An Interview with Jordan Floyd

Your essay "Fremont Blues" is an almost mythical portrayal of Vegas though it is based on your true experience. Tell us about it.  

The piece was largely influenced by two things. First, and most obviously, was my brief trip to Las Vegas. I've always been enchanted (which may be weird to say of such a vile place) by Las Vegas. The American Dream, after all, is somewhere near Las Vegas—at least, that's what Hunter S. Thompson thought. Walking down Fremont Street with my then girlfriend was a visceral experience: I was surrounded by gold-plated and flashing decay; sex, sex, and more sex; and most strikingly, a general feeling of in-authenticity. It's that feeling that brings me to my second influence: my own feelings of in-authenticity as a writer and in my relationship, again, with my then girlfriend. I felt that I had nothing new to say. I am a white, middle-class, and heterosexual male—authors like Tom Wolfe and Jack Kerouac, to my mind, had already said everything white, middle-class, and heterosexual males have ever had to say. As such, I tried to draw from Langston Hughes and blues poetry—an artist and art that I believed had a distinct originality. From that, I think my feelings of in-authenticity only increased. And of course, on top of all that, I felt in-authentic in my relationship with my then girlfriend. I'll spare the reader that explanation.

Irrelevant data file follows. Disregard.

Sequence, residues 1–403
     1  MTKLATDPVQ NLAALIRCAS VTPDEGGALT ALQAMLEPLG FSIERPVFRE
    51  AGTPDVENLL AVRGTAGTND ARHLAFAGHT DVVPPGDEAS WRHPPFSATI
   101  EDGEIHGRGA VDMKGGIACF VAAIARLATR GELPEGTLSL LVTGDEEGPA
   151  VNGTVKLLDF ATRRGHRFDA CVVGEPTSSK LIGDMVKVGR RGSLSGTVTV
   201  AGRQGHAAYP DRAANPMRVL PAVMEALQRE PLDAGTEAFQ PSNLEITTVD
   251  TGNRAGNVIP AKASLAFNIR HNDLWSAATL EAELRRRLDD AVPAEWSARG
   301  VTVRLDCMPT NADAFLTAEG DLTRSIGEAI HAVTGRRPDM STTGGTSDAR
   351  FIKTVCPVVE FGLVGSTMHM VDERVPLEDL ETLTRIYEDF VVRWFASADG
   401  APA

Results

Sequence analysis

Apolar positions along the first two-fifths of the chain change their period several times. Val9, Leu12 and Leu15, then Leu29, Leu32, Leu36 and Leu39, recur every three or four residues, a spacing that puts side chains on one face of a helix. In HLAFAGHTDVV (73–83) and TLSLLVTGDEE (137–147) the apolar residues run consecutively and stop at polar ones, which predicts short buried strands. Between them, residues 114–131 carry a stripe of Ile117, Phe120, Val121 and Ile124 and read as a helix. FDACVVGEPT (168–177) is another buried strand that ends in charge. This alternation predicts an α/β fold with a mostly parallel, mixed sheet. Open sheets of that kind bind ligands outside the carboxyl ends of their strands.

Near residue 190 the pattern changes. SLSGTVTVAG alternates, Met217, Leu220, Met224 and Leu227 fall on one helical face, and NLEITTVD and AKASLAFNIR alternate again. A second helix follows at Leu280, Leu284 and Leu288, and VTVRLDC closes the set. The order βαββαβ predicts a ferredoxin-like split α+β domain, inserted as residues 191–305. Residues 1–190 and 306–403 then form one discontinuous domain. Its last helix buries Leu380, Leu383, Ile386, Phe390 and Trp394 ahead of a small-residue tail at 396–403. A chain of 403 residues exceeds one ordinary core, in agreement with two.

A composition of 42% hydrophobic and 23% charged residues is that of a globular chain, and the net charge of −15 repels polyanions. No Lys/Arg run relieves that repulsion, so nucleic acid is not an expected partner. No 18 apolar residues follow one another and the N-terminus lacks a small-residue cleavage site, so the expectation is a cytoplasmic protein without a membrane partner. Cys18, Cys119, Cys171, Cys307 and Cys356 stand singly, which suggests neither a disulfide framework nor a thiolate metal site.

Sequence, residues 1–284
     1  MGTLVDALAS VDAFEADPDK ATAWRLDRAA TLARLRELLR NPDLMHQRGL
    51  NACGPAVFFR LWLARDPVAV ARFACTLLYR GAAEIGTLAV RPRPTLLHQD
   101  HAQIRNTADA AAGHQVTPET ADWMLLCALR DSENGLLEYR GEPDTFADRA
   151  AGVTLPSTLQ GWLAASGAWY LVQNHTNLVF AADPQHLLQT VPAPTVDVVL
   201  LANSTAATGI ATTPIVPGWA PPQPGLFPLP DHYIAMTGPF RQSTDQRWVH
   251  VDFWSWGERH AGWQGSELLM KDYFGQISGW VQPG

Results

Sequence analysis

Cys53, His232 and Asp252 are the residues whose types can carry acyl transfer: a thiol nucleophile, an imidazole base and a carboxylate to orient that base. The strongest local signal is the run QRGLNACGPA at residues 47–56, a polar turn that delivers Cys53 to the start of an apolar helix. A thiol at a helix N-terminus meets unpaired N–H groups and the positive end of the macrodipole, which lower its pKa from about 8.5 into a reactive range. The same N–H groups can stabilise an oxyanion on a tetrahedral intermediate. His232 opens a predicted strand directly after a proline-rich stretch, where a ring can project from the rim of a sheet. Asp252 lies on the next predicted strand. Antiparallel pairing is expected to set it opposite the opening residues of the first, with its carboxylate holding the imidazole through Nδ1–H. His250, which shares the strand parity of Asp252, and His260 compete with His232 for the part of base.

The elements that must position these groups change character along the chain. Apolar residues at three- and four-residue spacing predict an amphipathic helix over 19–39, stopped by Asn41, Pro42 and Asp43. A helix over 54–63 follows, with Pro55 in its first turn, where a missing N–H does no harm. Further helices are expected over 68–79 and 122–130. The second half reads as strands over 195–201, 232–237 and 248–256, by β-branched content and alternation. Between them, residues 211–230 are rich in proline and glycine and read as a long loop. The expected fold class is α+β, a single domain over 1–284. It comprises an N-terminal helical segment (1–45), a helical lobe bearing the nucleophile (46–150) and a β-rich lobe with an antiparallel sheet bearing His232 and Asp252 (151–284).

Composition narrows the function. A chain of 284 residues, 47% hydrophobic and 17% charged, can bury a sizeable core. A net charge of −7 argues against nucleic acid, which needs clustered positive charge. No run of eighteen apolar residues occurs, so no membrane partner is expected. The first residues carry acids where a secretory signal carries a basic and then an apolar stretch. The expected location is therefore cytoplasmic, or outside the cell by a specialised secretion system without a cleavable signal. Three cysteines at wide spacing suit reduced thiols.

What's your writing process?

My writing process in ten steps. Step one: write a lot, read the writing, and hate it. Step two: drink a beer. Step three: ruminate on my feelings of hatred toward my writing. Step four: realize that my writing isn't absolutely terrible. Step five: drink another beer (for good measure, maybe a third). Step six: forget about my writing for a couple weeks. Step seven: revisit my writing and, you know, do the whole editing and work-shopping thing with my (truly) fabulous writing peers and professors. Step eight: put some finishing touches on the piece, or, if needed, rewrite the whole damn thing (this happens all too often). Step nine: realize that there is no more beer in the fridge. Step ten: drive to the store to buy beer.